A recording and playback system that provides a realistic audio environment for a home or movie theater. Action movies as well as concerts are greatly enhanced with surround sound techniques.
The first audio reproduction used one microphone and one speaker. Subsequently, more microphones were used but were all mixed into the same monophonic channel. In the late 1950s, stereo players and phonograph records emerged, creating a more pleasing sound experience. Four-channel sound appeared in the 1970s but never became popular (see quadraphonic sound
Today, the most common surround system is the 5.1 layout, which creates a 2D horizontal plane of speakers around the listener. It comprises left, right and center front channels along with left and right channels toward the rear, plus subwoofer (see home theater speakers
Object-based audio still relies on channels but includes meta-data. For example, the meta-data can add x-y-z coordinates that describe where the sound should be located. The playback system takes into account the speaker layout and "renders" the sound accordingly. However, very often, the required speaker layout is not what the scene creators intended. Other applications of object-based technology are multiple language support and dialogue volume.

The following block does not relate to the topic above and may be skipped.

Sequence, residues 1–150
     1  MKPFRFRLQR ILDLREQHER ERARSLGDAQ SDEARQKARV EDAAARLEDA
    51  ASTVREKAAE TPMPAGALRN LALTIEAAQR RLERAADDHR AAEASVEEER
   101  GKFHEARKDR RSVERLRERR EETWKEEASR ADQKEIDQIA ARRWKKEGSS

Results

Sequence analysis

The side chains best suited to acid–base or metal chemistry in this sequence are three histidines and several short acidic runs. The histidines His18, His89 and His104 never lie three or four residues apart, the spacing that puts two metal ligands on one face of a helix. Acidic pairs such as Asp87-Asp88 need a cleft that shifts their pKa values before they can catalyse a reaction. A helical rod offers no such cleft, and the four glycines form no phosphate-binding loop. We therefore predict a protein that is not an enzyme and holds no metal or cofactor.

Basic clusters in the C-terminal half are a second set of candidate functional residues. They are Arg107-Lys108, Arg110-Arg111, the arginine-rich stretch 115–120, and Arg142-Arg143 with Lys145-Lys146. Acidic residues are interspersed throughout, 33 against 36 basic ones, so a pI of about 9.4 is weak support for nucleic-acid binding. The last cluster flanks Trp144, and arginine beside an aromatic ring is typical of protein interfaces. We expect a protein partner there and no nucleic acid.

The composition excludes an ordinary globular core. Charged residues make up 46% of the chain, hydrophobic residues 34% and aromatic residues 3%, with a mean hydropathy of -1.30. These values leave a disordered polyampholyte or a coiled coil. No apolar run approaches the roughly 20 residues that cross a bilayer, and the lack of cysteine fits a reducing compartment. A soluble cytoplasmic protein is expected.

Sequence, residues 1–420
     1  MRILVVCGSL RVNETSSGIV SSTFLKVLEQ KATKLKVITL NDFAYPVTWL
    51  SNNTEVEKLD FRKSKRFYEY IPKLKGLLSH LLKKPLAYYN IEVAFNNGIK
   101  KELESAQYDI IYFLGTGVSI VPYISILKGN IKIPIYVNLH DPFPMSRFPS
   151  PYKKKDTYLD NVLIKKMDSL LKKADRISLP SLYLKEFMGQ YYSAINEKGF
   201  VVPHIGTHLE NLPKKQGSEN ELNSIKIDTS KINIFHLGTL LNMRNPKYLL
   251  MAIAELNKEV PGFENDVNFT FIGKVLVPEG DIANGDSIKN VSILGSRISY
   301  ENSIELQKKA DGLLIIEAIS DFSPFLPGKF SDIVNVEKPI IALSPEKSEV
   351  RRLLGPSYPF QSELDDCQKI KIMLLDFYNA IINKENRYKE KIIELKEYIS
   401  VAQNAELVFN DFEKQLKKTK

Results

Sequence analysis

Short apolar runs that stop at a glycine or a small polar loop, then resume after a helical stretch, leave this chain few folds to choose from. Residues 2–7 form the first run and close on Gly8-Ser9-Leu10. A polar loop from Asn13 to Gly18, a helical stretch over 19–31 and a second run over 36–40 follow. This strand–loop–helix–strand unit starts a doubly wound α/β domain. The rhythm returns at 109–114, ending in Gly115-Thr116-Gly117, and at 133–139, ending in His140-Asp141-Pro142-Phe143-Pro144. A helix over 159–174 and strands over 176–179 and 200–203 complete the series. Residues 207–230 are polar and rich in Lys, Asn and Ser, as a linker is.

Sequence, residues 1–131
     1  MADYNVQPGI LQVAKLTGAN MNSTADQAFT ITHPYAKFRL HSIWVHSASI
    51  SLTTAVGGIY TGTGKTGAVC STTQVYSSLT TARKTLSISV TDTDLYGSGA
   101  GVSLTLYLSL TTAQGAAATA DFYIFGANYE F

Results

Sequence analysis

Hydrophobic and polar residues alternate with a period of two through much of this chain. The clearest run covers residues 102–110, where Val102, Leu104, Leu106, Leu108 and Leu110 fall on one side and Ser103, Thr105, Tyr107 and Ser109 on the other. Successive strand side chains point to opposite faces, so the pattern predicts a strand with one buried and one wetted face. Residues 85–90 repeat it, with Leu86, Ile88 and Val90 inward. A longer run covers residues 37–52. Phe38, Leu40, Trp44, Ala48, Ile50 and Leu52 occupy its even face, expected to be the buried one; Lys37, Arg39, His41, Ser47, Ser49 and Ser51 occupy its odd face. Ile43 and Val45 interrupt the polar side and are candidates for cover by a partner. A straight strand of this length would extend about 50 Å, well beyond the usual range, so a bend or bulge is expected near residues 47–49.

Higher Order Ambisonics (HOA) treats the audio environment as a sphere all aimed at the center where the microphone is located. Ambisonics has not yet been endorsed by major studios. See Ambisonics
A hybrid format combines different technologies. Dolby Atmos and DTS:X are widely known as object formats; however, they use mainly channel-based sound and are thus "hybrid" formats along with MPEG-H and Auro-3D. See Immersive Sound
, Dolby Atmos
and wave field synthesis
Outputs to Stereo, 5.1 and 7.1 Systems
This Oppo Blu-ray player has outputs to three surround systems and a maximum of eight amplifier inputs: front left/right (FL/FR), center (C), surround left/right (SL/SR), surround back left/right (SBL/SBR) and subwoofer (SW).